GRAY190,

Your arrangement looks to me to be optimal for radial force, with some capability to manage axial force.

Look up spindle bearings. There is a series of angular contact bearings out there that are manufactured very accurately such that they pre-load when they are assembled face to face. That alone may be enough to hold your turbine. Aside from cost, there is no harm in keeping your deep groove bearing.

--
JHG

RE: Bearing arrangement - comments please

1. I see both locating bearings there

25mm is not very small. There are many thrust bearing options, like: 30205 , 31305, 51105, 51305
Just curious, where are you located?

Can you provide shaft length?

RE: Bearing arrangement - comments please

(OP)
By the way, good news. I managed to ring up the application engineers from one of the bearing companies. Got some help from them.

@drawoh "optimised for radial force" - That's a big problem. This being a model wind turbine the axial force is way higher than the radial force. I may not even have enough radial force for preloading the non-locating bearing.

@lukin1977 - I'm in Singapore. I have multiple authorised distributors in my city, so I have the quoted prices of these bearings. The total shaft length is about 100-150mm (design not frozen yet).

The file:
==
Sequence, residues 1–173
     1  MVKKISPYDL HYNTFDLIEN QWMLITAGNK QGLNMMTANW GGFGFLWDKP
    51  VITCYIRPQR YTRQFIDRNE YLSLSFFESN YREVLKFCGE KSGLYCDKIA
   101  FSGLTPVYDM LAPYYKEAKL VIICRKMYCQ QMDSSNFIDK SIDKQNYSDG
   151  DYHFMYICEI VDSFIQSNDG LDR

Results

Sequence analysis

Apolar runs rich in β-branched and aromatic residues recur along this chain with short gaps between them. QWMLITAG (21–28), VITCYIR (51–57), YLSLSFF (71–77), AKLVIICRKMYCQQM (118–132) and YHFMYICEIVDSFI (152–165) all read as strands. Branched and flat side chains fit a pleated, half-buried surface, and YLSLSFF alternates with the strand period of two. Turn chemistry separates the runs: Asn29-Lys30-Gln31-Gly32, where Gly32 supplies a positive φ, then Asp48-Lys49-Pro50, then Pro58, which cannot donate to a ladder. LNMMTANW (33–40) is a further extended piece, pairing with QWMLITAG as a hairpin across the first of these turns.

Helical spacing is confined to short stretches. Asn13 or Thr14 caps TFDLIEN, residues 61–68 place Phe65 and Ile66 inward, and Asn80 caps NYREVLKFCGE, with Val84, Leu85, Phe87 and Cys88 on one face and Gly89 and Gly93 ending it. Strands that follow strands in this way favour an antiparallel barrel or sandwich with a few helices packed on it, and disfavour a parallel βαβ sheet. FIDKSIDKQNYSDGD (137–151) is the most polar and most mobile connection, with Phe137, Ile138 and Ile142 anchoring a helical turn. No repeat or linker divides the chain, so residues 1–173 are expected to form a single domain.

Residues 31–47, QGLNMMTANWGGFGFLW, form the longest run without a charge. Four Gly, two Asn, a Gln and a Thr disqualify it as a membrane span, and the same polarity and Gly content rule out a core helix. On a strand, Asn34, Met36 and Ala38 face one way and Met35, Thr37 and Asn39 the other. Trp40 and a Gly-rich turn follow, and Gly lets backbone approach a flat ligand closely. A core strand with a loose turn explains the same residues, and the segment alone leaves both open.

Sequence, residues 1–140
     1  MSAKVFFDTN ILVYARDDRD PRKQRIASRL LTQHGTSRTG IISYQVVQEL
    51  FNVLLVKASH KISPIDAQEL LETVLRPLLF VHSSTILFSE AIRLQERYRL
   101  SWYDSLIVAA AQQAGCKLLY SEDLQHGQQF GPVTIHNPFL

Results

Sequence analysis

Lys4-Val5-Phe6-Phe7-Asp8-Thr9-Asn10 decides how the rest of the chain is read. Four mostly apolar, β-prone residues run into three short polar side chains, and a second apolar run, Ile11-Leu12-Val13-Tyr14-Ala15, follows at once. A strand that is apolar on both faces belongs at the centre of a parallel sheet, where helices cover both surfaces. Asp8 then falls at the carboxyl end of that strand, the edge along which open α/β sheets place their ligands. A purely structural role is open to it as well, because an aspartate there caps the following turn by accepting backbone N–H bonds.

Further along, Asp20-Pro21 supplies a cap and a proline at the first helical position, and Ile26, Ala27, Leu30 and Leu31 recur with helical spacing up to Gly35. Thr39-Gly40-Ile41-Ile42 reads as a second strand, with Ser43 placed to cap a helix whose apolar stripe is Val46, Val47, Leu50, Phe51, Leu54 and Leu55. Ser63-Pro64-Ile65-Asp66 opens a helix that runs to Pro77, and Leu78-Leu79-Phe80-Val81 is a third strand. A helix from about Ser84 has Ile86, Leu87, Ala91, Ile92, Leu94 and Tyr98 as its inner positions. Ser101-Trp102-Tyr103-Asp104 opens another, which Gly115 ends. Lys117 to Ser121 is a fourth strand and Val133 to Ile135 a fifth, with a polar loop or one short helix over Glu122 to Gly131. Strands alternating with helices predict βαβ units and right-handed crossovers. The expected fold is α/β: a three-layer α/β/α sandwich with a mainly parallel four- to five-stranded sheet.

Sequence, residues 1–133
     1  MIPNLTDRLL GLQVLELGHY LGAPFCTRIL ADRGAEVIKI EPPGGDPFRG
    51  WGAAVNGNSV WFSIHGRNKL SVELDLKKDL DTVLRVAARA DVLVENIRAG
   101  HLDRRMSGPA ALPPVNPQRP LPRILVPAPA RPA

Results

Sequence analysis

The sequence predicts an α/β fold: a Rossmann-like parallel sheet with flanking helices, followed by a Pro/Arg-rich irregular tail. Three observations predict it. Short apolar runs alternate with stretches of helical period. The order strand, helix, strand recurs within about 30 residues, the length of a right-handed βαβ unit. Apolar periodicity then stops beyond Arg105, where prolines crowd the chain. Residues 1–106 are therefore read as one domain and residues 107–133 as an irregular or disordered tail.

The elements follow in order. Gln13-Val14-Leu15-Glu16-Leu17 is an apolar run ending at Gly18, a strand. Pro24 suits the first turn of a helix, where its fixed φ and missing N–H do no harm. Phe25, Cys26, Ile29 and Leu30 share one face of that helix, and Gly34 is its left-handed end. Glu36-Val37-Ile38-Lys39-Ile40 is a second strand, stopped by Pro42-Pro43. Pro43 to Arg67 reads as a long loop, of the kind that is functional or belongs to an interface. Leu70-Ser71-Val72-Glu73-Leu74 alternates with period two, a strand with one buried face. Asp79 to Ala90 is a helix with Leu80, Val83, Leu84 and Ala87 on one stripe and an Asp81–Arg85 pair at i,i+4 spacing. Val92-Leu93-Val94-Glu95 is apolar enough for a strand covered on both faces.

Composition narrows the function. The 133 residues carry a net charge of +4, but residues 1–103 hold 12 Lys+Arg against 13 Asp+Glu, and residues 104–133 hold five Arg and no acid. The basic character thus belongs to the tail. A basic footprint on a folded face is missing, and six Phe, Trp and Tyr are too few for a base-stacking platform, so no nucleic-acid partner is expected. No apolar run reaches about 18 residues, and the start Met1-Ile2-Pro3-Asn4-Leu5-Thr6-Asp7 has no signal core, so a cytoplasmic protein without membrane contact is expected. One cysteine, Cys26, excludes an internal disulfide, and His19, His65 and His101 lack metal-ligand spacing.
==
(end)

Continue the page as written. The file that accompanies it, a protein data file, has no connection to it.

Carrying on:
The problem is finding suitable housings for locating double row tapered roller bearings. The distributors all have housings for spherical roller bearings and radial insert bearings, but none for taper roller bearings or cylindrical roller bearings. They asked me to custom fabricate, which I'd only do if I had no choice.

@BrianE22 - Yes, pretty much all reputable vendors offer calculation data for calculating the equivalent axial to radial load. In fact, I built my own equivalent load calculator so calculations are no problem for me. Getting suitable housings is the problem now.